Another So-Called “Teen” Pregnancy

She’s 16 and 9 weeks pregnant, having come to the resident’s clinic this afternoon complaining of bleeding after intercourse 2 days ago. The baby is fine (very cute on sono, we all agree), but it’s clear by her exam that she has a rather severe infection of her cervix, most likely due to Chlamydia. On further questioning she admits to having been treated for Chlamydia not too long ago.

“Did your boyfriend get treated?”

No, he didn’t. He told her that his doctor told him he didn’t have Chlamydia, so he didn’t need to be treated. This of course, cannot be true, because we treat anyone potentially exposed. Which means that her boyfriend did not go to a doctor – he basically lied to her.

He’s 21, the FOB. That means “Father of the Baby” in OB chart-speak, although I could think of a similar acronym that might be more appropriate. He also sleeps with his other baby’s mother, who is 15. She has a 3 month old baby girl.

I ask my patient why she still sees this guy, if she knows he sleeps with another girl. “He’s my baby-father”, she says. “So when I get the urge, he’s the one I go to.”

So this means they all have chlamydia – her, her baby-father, and her baby-father’s other baby-mama. I tell her this, and ask to consider whether she really wants to continue sleeping with him.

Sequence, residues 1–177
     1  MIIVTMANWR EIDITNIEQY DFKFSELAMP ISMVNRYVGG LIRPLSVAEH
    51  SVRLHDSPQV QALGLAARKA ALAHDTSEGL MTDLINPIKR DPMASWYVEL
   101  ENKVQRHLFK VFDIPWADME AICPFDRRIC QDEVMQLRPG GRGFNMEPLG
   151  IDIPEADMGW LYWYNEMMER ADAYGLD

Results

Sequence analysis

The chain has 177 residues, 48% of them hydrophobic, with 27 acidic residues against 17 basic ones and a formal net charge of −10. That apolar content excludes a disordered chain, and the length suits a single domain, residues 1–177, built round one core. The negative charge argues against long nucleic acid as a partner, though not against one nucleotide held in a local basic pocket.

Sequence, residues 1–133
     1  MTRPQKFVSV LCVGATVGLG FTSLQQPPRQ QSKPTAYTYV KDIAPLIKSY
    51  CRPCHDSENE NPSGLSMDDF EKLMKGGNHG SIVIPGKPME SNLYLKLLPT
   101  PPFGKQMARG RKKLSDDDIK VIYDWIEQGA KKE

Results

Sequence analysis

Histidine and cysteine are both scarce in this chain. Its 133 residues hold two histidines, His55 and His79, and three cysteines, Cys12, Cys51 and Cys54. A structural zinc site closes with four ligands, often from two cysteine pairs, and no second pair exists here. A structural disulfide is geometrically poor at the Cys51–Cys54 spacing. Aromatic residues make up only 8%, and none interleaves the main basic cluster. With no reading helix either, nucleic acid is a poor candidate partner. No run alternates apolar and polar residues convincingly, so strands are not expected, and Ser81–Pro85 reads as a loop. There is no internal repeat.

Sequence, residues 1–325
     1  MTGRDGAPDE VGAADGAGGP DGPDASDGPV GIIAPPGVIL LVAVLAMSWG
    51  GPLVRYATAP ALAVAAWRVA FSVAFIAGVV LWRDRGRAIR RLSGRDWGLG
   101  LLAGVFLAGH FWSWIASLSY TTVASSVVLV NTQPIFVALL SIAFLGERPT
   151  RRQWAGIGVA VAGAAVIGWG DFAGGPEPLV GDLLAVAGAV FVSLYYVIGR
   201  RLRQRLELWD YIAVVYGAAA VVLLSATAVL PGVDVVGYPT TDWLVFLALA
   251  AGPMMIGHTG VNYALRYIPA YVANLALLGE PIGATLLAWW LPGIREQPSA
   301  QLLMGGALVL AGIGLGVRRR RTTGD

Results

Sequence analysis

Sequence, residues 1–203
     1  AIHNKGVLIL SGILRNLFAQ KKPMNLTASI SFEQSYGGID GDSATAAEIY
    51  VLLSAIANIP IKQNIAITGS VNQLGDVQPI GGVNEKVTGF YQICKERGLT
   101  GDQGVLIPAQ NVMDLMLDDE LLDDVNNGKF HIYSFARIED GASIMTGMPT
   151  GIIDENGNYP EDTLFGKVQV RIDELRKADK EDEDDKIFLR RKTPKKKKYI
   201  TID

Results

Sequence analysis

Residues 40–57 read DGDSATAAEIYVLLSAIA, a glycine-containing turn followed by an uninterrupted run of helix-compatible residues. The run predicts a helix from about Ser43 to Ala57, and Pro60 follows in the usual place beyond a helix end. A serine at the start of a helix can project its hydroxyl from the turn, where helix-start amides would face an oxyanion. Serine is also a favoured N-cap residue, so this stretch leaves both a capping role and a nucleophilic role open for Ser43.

And although our former surgeon general was forced to resign for suggesting that teens be taught about masturbation, I take my chances and tell her that there are other things she can do to satisfy her urges that don’t involve exposing herself and her baby to serious infection. I don’t know if I got through, but I hope so.

We treat her infection, talk to her about getting her partner treated, send some labs, talk to social work and make her a follow-up appointment. Her baby is due the end of September.

According to the Alan Guttmacher Institute, fathers of babies born to teens are often significantly older than their female partners. It is estimated that, among girls who have given birth to a child by age 15, 39 percent of the fathers are between the ages of 20 and 29.

Category: Second Opinions

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